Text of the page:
Since I’ve written several posts on my growing worries about antidepressants, I thought I’d tell you about the one I’m taking now.
Emsam has worked for me longer than any other, and the dietary restrictions it requires have been a small price to pay.
Among antidepressants, the MAOI class has been relegated to 3rd or 4th tier treatment after other medications have failed. That’s how I started taking Emsam. After a dozen years spent trying 20 meds without success, I was a good candidate for a drug of last resort.
Recently, I’ve gotten curious about how these antidepressants work and why you have to leave certain foods out of your diet when taking them. I’m no expert in neurobiology, but I think I get the gist of what MAOIs do and the problems they cause. I’m adding references at the end of the post so you can get the full story, told in vivid technical color.
What’s an MAOI?
MAOI stands for monoamine oxidase inhibitor. MAOIs do what almost all the other antidepressants on the market do. They increase the level of one or more of the three neurotransmitters thought to be related to depression: serotonin, norepinephrine and dopamine.
Unlike the more recent antidepressants, the MAOIs act on all three, especially dopamine.
Antidepressants increase the available amounts of these monoamines by interfering with the breaking down of neurotransmitters after they’ve served their purpose. That purpose is to carry messages from one neuron to another across a gap called the synapse.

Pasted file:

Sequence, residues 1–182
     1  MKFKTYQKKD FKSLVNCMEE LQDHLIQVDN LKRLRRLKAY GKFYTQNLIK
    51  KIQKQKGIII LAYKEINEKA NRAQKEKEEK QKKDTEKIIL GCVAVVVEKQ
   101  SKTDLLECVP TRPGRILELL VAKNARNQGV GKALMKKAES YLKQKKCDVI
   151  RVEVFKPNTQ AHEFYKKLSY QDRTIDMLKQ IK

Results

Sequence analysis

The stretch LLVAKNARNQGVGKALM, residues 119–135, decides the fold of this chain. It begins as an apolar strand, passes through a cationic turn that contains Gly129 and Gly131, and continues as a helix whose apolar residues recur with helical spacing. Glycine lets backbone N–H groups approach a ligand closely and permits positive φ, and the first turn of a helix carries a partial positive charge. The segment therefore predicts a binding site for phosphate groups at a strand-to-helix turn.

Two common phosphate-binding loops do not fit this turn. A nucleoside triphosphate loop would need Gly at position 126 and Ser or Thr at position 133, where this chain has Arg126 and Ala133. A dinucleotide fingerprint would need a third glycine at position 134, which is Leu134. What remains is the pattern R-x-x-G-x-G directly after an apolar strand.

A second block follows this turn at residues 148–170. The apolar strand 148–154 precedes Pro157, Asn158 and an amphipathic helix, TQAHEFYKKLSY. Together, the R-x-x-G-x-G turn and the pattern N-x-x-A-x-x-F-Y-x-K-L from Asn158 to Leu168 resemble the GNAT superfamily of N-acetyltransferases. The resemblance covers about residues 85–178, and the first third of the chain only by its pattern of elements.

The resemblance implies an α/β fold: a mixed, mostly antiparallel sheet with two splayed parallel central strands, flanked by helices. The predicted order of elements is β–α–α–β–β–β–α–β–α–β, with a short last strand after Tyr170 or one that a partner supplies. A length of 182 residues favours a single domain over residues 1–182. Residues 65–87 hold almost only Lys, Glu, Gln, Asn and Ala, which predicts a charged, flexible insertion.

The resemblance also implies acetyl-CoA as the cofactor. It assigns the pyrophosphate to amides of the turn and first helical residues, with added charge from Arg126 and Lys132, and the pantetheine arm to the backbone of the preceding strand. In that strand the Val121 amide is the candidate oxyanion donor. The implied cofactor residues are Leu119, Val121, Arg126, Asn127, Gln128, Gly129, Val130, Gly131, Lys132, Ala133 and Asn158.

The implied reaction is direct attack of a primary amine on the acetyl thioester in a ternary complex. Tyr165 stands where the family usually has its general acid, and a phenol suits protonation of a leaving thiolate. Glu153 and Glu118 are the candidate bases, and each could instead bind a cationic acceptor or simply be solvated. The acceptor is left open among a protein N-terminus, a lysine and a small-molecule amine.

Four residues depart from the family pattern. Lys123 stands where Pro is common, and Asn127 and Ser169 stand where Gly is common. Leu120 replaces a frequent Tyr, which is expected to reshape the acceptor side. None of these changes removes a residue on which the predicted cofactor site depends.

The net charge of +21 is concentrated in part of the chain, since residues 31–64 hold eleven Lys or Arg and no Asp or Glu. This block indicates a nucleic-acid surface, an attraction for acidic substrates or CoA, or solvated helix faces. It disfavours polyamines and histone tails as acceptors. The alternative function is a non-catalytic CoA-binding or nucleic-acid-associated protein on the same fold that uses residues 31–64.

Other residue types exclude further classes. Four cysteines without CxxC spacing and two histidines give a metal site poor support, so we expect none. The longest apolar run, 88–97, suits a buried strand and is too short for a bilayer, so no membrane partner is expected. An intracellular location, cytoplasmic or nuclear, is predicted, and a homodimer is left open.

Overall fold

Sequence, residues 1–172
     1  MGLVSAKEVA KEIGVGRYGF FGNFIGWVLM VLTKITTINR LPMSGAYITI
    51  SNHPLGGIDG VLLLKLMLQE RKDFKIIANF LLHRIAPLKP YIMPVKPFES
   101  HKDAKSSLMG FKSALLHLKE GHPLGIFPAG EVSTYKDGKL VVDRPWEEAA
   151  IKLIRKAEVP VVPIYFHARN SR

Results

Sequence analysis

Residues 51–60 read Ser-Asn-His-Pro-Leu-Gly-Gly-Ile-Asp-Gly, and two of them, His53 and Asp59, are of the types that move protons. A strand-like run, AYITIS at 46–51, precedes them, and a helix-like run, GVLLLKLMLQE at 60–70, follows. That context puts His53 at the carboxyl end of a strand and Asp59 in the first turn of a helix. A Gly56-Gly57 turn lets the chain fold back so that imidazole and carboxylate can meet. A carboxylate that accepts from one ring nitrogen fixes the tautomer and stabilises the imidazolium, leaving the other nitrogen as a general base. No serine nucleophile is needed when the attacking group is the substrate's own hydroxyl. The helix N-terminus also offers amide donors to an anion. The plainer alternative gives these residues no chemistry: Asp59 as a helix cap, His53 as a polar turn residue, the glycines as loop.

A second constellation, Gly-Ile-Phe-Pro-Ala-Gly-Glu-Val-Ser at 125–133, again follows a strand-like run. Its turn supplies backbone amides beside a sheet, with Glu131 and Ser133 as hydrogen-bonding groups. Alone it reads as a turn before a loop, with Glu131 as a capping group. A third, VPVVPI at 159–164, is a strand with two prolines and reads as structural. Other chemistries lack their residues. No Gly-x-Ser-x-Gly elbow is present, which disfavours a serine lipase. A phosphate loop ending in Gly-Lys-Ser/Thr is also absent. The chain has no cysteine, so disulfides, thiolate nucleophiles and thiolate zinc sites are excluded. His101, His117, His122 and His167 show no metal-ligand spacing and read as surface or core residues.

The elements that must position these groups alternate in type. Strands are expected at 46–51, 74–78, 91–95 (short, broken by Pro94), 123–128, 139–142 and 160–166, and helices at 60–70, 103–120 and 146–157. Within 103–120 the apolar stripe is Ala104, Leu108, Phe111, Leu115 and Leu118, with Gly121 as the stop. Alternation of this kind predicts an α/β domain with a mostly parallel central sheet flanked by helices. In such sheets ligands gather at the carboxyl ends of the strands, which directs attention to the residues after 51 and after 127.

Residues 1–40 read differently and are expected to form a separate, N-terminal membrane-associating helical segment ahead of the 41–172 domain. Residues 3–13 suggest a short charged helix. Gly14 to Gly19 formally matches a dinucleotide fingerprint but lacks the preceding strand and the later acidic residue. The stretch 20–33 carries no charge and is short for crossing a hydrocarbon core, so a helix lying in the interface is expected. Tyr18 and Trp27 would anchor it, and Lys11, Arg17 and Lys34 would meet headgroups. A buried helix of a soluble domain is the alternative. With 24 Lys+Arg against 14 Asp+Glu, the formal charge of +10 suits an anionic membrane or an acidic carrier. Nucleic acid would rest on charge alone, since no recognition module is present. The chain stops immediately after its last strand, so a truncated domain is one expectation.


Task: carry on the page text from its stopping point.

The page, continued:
The antidepressants increase the amount of the neurotransmitters available in that gap outside the neuron cell.
After they’ve done their work, they are brought back inside the neuron they came from and are broken down for reuse. There are several steps in that breakdown process, and antidepressants of different types specialize in slowing down one or another of those steps.
The most widely prescribed drugs are reuptake inhibitors. (For example, Prozac is a selective serotonin reuptake inhibitor – SSRI) They interfere with the transporter proteins that take the neurotransmitters back to be reprocessed.
MAOIs target the enzyme (monoamine oxidase) that triggers the actual breakdown of the neurotransmitters into other chemical substances.
The basics are summarized in the name, MAOI.
Monoamine (MA) is the general name for a large group of neurotransmitters.
Monoamine oxidase (MAO) is an enzyme serving as the catalyst needed for the neurotransmitter breakdown process. (A molecule is pictured above in the squiggly ribbon diagram.)